Alignment in the V axis is achieved by turning the knob 27 to slacken screw 26 in order that the plate 21 may be pivoted about the screw 26 such that the SLR camera is pointing downward towards the plate 11. The knob 27 is then turned to tighten the screw 26 thereby locking the plate 21 in position. The knob 17 is then turned to slacken screw 18 in order that the bracket 14 (and SLR camera mounted thereon) may be moved longitudinally with respect to the plate 11 along the path defined by slot 12. The bracket 14 is moved until the cross (+) on the lens of the SLR camera, which defines the optical centre of the camera is aligned with the central pin I 3b.

in use, an image of a desired object is captured first using a TLS scanner mounted on a tribrach which is itself mounted on a tripod. The TLS scanner is then removed from the tribrach and the camera mounting bracket is attached to the tribrach. The calibration routine described above may be performed prior to the apparatus being brought to the field, in which case all that the surveyor need do is take pictures using the camera. if the object cannot be photographed using one picture, it will be necessary to pan and/or tilt the camera so that sufficient pictures can be taken to capture the whole object. The bracket I provides for both panning of the camera in the horizontal direction and tilting of the camera in the vertical direction. Panning in the horizontal is achieved by rotating the bracket 14 with respect to the base 2. Tilting in the vertical is achieved by turning the knob 27 to slacken off the screw 26. The plate 21 may then be rotated about the screw 26.

En an alternative embodiment of the invention, the camera mounting bracket may be provided with actuators such as stepper motors to rotate the camera in the vertical and horizontal planes. Actuators may also be used to control the camera mounting bracket during the calibration procedure.

The purpose of acquiring both a laser point cloud image using a ItS scanner and a digital colour image or images is to generate a True Colour Terrestrial Laser Scan. it is therefore necessary to map together the data from the laser scan and the digital camera imagery, in the invention processing of the data is conducted in the manner set out below: First it is necessary to calibrate and rectify the images captured by the camera, the aim being to arrive at an image which appears to have been captured with a pinhole camera. The intrinsic parameters required to rectify the image to achieve the pinhole camera model are usually effective focal length, scale factor and image centre (principal point).

The images can be calibrated and rectified such that they appear to have been captured using a pinhole camera using known tools. One such tool is Bouguet's Camera Calibration Toolbox for Matlab. However, the large image files produced by current digital cameras cannot be handled by this tool. Another tool, which again is freely distributed on the internet, is Vezhnevets and Velizhev's GM!. C++ Camera Calibration Toolbox (. 0.31 or otherwise). In the present example, Vezhnevets and Velizhev's toolbox was chosen to perform the camera calibration and image rectification necessary before the photographic images could be registered with the laser scan point cloud.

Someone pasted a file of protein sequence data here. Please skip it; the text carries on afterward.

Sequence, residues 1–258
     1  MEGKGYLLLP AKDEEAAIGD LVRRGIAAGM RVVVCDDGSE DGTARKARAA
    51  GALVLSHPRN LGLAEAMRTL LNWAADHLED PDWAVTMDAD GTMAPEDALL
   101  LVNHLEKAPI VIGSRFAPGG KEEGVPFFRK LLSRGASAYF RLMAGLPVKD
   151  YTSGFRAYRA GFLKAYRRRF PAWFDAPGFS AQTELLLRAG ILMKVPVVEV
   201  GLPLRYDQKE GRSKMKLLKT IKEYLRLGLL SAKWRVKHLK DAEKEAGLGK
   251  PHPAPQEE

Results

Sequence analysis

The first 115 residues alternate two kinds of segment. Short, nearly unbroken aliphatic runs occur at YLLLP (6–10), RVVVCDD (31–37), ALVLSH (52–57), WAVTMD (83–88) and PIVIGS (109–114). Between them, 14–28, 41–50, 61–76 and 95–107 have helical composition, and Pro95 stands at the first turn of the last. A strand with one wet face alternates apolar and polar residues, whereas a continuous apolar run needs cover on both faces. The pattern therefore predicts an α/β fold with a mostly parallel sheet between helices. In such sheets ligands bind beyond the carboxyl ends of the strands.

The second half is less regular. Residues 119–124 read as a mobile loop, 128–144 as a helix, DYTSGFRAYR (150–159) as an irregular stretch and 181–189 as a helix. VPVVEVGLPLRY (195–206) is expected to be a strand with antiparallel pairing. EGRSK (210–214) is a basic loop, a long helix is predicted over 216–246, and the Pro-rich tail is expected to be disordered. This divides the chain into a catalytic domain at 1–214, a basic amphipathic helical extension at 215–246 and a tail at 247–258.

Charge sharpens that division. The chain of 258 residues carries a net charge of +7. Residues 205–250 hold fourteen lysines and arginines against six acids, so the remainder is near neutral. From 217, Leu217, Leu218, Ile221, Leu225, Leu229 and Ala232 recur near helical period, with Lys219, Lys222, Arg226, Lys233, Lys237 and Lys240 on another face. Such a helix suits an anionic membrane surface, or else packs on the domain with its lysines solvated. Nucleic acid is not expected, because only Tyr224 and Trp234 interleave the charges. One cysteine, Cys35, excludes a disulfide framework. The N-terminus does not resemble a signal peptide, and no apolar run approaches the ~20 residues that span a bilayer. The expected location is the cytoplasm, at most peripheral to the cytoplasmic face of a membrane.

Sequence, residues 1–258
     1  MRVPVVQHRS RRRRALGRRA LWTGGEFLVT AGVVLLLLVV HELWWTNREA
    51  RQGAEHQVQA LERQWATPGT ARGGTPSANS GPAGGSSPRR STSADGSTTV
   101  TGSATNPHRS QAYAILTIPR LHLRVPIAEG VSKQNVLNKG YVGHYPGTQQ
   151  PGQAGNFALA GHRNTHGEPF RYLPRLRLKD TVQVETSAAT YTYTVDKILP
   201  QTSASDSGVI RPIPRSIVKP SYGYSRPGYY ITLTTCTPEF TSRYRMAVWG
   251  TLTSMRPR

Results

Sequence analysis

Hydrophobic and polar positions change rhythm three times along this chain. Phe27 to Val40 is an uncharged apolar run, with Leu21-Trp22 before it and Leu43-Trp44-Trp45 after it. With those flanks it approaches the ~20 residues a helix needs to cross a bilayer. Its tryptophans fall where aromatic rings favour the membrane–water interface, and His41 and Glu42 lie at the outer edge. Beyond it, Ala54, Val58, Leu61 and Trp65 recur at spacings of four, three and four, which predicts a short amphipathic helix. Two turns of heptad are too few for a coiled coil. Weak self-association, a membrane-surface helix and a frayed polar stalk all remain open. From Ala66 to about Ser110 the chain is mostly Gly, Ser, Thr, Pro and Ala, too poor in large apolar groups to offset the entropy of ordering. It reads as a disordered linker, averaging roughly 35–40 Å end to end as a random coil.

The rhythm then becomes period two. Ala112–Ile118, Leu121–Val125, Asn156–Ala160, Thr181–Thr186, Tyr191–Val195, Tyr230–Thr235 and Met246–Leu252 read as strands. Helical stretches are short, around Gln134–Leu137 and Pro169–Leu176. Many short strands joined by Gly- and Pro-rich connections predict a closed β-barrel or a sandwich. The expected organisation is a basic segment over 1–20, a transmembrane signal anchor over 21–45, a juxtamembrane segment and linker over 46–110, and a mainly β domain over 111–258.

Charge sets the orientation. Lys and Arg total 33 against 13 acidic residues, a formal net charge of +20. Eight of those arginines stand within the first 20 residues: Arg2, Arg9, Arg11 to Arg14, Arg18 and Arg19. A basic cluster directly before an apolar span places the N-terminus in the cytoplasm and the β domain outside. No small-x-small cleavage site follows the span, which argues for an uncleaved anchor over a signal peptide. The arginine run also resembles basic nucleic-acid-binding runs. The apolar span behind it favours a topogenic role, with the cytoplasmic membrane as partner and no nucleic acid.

Once the photographic images have been calibrated and rectified the photographic images must be registered with the laser scan point cloud. In order to register an image with a point cloud, a mapping must be determined which gives expressions for the image pixel coordinates, ii and z; in terms of the azimuth (horizontal) and inclination (vertical) angles, 9 and 4), respectively, from the laser scanner centre to the corresponding point in the cloud. Figure 5 illustrates the coordinate system of the rectified image plane, where u and v are the hotizontal and vertical pixel coordinates, respectively, measured from the origin at the top left corner of the image, as is the convention in computer imaging. U and V refer to the total number of horizontal and vertical pixels in the image.

The laser scanner is an inherenfly spherical system using polar coordinates, whereas the camera sensor is a plane. The behaviour of the scanner-camera system is described in greater detail with reference to Figures 6 to 8.

The laser scanner measures the azimuth angle as the scanner rotates about the vertical axis.

The azimuth is, therefore, the angle between the azimuth zero line in the horizontal plane passing through the scanner centre and the projection of the subject point onto the same plane. This is not the same as the horizontal angle between the vertical plane passing through the azimuth zero line and the point being scanned. The scanner measures the inclination angle with respect to the horizontal plane passing through the scanner centre. The inclination is simply the direct angle between the aforementioned plane and the point being scanned.